Brad Gehring, city councilman, asked if local firms could have done the work. Sexton said they could not. “There is no one local able to fabricate something this big,” he said. “As soon as you tilt the scale that’s here you go to a different market.”

Gehring was fine with the concept of the art, but didn’t like the fish and fisherman, saying it would be a better fit for Deer Lodge, Mont. For Bremerton, “It doesn’t represent the community, period,” Gehring said.

Dianne Robinson also disliked the art. “I don’t like this at all,” she said. Pointing to the fisherman Robinson said, “This looks like a baseball player here. I don’t know what this represents.”

Bremerton Voters Could Block Property Tax Increase (But Not the Rate Hike)

Anyone who would want to overturn Bremerton’s potential spending increases should contact city and other sources for specifics about the rules for a referendum. What we have here are the basics as I understand them.

Here’s the outline:

  • If you want to start a referendum on the city council’s decision to have the city’s utilities pay more to the general fund, you can. You can kill that.
  • Should the council decide to raise rates at its meeting on Dec. 2, your referendum will have no impact on that. Your rates will still go up.
  • If you want to start a referendum on the property tax increase the council passed, you can.
  • The points here were the result of a conversation I had with Roger Lubovich, city attorney. I had also called the Municipal Research and Services Center, which looks into laws for cities. Lubovich and I talked Wednesday night after the meeting. At that point he was under the correct impression on the first two points, but said he thought there was no referendum possible on the property tax. After looking into it further and talking about it with a representative at MRSC, he determined Thursday the property tax measure actually is eligible for referendum.

    Point One: The state treats the payment in lieu of taxes, aka PILOT, like it treats a business and occupation tax. Someone can file a referendum with the city clerk within seven days of the ordinance passing, which was Wednesday. The clerk and the petitioner have 10 days to confer over a petition. The petitioner then has 30 days to gather signatures of 15 percent of registered voters.

    Point Two: Perhaps the most puzzling part of this issue is that if you have a referendum on the Pilot, it has absolutely no bearing on the rates. You could kill the transfer of funds from city utilities to the general fund, but all it would mean is the utility service would be able to keep the money.

    Point Three: Based on my read of what’s in the city charter (Section 34) and the state law it references, a referendum on the property tax hike would roughly follow the same rules as the one on the PILOT, except you might need signatures from 25 percent of registered voters.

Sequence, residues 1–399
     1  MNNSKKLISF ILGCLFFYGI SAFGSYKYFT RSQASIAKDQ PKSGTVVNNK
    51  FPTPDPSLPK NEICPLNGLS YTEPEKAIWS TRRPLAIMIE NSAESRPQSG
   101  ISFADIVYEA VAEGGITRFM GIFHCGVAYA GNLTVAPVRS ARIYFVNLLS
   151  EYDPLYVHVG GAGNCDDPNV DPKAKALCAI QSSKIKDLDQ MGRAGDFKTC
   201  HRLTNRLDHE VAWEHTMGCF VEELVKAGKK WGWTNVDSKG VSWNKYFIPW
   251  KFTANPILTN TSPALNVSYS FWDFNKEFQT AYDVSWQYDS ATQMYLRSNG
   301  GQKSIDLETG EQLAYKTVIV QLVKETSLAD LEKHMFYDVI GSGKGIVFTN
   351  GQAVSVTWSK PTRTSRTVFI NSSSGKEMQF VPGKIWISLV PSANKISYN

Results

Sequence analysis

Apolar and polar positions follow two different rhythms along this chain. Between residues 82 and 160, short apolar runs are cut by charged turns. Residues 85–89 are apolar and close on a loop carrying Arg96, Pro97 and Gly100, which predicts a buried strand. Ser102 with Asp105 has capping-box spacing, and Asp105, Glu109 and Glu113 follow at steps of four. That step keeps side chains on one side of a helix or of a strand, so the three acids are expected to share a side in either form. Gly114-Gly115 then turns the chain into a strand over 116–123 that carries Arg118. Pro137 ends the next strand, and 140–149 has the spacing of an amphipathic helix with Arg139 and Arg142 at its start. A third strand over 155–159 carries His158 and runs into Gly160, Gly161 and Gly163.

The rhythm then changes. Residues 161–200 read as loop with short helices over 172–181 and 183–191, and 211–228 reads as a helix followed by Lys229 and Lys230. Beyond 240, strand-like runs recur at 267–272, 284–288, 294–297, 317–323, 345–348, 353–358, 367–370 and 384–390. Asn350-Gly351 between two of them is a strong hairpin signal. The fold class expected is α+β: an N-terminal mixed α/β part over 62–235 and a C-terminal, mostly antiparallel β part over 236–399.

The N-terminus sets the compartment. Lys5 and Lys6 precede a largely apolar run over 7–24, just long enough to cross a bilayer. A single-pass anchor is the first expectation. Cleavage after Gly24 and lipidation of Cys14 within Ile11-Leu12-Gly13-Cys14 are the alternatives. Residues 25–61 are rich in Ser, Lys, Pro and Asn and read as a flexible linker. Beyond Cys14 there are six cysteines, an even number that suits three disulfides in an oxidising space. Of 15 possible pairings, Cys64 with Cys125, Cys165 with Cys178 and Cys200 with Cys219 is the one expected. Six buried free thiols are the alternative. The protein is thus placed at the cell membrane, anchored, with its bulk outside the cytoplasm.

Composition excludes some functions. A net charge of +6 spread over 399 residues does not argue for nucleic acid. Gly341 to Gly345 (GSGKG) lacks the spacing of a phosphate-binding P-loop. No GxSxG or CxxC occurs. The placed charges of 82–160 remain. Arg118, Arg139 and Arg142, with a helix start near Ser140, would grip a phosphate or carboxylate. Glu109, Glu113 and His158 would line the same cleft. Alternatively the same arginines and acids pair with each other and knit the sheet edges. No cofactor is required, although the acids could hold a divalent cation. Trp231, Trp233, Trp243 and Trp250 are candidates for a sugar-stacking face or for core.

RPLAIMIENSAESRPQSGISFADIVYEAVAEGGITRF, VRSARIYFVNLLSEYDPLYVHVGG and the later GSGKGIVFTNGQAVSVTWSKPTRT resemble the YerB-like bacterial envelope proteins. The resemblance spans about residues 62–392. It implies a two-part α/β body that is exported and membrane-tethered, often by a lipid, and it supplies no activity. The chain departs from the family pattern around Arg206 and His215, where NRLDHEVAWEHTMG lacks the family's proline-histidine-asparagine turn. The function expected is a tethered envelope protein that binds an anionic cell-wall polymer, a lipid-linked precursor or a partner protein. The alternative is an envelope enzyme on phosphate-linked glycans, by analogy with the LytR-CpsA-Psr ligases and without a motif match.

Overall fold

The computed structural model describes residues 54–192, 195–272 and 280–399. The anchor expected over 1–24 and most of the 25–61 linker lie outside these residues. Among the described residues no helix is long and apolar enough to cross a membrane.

The property tax measure represents a $111,761 difference in what the city would have collected had the council not approved a “declaration of substantial need.”

    State law allows the city to get 1 percent more each year in property tax collections, assuming inflation is at least that high. This year there was deflation of slightly less than 1 percent, so the city would actually have to collect less.

    The question affects collections for years to come, because whatever the city collects this year is what it will base next year’s collections on, and so on.

    Mayor Candidate Schedules Public Explanation

    Deborah Jackson, who wants Bremerton residents to write in her name for mayor in November, plans to hold a meeting Thursday in which she will discuss:

    A. A warrant for her arrest in Oklahoma;
    B. Another misdemeanor;
    C. What is going on with the Bremerton School District;
    D. Anything else we might ask about her run for mayor.

    That’s the information I received by telephone. She plans to send an e-mail out with the details. I don’t know if this is technically a public event or invite-only. I’ll update you when I know. The event is at 2 p.m. Thursday at 853 Sixth St. in Bremerton, the Kitsap Business Center.

    UPDATE: I received the e-mail and it had less information than what I had above, except for the name.

    You are invited to a mayoral facts; Disclosure Forum!

    Date: Thursday, 10/8/2009
    Time: 2:00pm
    Place: Kitsap Business Center 853 6th Street Bremerton Washington 98337

    Cool Visuals, But What’s Up With That Bus?

    Gardner here.

    Angela Dice, the Kitsap Sun’s Web know-it-all, sent me a link to what is a really cool visual of Bremerton’s waterfront potential. The videos adorn you with a virtual jet pack as you hover over the new marina and whisk by condos, many of which have not been built, or purchased.

    The second video, though, made me wonder how respect for the law was envisioned as part of Bremerton’s future culture. Once the most violent city per capita in the state, (You weren’t far behind, Port Orchard, so stop snickering.) the new developments and resulting bustle of law abiding citizens were bound to change the personality of the city. However, it appears the designers envisioned a new form of lawlessness in which bus drivers consider traditional lane direction rules to be optional.